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Friday, September 23, 2011

Wholeheartedly Hope to Hop

There I was, minding my own business. Feeling relatively happy with the layout of my life--dogs (beautiful, silly, and continuously joyful), fish (Edgar and Steve, goldfish, apparently content with their little watery worlds), husband (tall, dark, handsome, often smelly, always wonderful), family (aging, loving, close in both proximity and care for each other). When in walks my husband from a day spent helping my dad move dirt, and he looks at me rather cheekily and says, "I have something for you." He proceeds to show me a rather beat-up looking work glove. "Um... okay? Thank you?" I say in the most questioning tone I can muster. "It's not the glove--it's what's in the glove. And he pulls out what appears to be a wrinkled, nearly naked, sleeping mouse. I can only imagine the look of sheer horror on my face, as I WAS horrified at the thought of my generally delightful spouse bringing me home a wrinkly mouse in the hopes of pleasing me.

Of course, I should have guessed that Husband would know I wouldn't appreciate the world's ugliest mouse being brought into our home and being held in a shockingly loving manner. It wasn't a mouse at all. It's a bunny. From our research he's about 3-5 days old--eyes closed, ears still firmly planted back on his head. His warren was destroyed in the moving of dirt, and his sibling was crushed. Somehow this little creature survived. My dad told Husband to throw it away, as baby bunnies are the hardest wild animals to raise. Husband, being softhearted and knowing his wife was extremely softhearted when it comes to the cause of animals everywhere, couldn't do it. So he brought our new friend home, and I'm trying my best to raise him to five weeks. From the research I've been doing since the second he arrived here, I'm never going to save this bunny. There are approximately five million things that can, and probably will go wrong. He's going to die.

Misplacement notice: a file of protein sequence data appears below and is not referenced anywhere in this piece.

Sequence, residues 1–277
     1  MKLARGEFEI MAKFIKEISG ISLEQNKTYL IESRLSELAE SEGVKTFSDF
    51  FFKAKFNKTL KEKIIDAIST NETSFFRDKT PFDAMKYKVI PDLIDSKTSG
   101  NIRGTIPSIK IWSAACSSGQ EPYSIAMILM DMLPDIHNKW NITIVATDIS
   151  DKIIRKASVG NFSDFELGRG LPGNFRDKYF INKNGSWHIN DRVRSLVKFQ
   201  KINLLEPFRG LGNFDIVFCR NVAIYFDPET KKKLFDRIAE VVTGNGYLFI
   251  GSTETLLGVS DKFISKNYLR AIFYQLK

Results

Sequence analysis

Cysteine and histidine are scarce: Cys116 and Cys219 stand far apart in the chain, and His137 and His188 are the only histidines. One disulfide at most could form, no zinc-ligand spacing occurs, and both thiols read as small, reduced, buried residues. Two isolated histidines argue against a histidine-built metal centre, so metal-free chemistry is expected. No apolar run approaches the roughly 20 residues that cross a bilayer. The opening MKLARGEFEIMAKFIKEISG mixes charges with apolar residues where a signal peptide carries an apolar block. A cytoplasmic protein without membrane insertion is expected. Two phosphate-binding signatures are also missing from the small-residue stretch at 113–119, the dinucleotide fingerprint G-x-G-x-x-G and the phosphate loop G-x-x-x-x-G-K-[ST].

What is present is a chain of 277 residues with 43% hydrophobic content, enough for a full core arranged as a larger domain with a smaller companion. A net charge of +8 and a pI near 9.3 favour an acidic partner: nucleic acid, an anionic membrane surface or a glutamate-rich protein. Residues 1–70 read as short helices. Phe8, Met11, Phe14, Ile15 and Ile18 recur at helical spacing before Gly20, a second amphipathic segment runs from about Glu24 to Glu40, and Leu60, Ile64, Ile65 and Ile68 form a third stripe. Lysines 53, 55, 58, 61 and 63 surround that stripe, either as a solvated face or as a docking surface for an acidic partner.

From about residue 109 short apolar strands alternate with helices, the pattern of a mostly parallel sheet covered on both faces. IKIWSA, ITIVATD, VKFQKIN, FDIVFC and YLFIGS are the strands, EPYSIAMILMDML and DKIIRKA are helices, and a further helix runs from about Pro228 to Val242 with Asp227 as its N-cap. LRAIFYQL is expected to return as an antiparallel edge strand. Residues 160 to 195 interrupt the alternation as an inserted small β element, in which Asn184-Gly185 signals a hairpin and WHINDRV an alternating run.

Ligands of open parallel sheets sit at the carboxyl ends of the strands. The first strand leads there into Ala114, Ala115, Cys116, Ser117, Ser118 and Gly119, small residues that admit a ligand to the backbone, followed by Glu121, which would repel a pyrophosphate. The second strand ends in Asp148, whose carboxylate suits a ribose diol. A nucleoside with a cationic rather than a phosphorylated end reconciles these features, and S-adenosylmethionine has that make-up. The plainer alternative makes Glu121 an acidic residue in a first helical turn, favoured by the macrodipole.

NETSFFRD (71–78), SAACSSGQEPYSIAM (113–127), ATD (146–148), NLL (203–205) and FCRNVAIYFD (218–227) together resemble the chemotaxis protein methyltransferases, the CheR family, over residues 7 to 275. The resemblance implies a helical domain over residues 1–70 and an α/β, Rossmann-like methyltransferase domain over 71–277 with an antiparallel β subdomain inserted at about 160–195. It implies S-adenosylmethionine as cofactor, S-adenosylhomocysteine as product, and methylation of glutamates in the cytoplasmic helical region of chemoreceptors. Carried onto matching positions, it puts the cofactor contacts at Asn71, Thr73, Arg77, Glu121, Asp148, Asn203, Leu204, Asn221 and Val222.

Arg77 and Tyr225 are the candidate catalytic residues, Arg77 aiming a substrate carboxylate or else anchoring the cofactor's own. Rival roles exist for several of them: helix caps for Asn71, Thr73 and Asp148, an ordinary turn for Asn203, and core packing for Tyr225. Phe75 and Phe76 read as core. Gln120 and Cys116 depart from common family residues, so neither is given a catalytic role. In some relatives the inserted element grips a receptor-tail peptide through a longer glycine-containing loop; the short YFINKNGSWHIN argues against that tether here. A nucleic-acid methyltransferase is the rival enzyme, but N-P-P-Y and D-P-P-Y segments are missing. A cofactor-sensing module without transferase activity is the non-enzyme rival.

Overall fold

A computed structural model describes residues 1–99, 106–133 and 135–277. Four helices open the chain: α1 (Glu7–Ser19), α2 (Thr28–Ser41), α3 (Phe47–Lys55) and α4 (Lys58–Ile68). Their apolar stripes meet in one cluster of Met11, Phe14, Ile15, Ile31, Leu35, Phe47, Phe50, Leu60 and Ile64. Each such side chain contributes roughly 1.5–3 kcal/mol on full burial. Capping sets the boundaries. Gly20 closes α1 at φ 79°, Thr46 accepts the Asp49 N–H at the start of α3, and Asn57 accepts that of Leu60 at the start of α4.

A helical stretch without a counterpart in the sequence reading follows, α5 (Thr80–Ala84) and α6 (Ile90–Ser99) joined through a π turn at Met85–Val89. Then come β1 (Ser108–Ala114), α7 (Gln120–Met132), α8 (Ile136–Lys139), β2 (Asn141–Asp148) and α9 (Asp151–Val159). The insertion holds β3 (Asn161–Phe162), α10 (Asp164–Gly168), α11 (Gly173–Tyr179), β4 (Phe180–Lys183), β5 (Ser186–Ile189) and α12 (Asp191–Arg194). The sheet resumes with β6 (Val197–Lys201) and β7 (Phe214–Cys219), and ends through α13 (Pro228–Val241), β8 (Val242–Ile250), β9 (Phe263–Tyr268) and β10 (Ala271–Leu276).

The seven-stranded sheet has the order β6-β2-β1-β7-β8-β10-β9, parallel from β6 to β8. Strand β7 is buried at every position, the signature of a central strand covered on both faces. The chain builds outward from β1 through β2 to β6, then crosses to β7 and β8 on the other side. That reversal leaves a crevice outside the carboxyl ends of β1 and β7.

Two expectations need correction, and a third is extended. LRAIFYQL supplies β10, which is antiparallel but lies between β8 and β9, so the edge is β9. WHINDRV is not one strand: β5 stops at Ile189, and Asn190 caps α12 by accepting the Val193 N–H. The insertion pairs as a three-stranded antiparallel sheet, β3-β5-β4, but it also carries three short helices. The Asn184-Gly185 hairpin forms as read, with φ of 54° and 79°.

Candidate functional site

And yet... God help us both...

We've named him Peter.

We think he's a cottontail.

That's my hand, so those of you who know me will realize exactly how small that makes Peter Rabbit.

And, right now, I want nothing so much as I want to raise this bunny to be a healthy, happy cottontail--able to go back into the wild in five weeks time, knowing my very best wishes and a very lot of love will be hopping along with him for the rest of his natural life.

Please God, help me save this bunny.


  1. Oh, honey good luck. I do not have a very good track record in that department, a story which I will save for Peter Cottontail's fifth birthday.

    Also, I am glad Stuart and I have already visited because you know how allergic to rabbits I am - that plus the dogs means your lovely house is just my anaphylactic shock waiting to happen!!

    Good luck honey.

  2. Kate, I am praying you can keep Peter alive. I have tried in the past to do the same and had some luck. basically, do not handle him more than you need to but do keep something close by him that is warm and sounds like a heartbeat. (Not easy - I know.) We kept an opossum alive. All the brothers and sisters and the mom were killed by a car. Only one little guy survived. He stayed alive under our care and then we turned him over to a wildlife rescue center after about 4 - 5 weeks.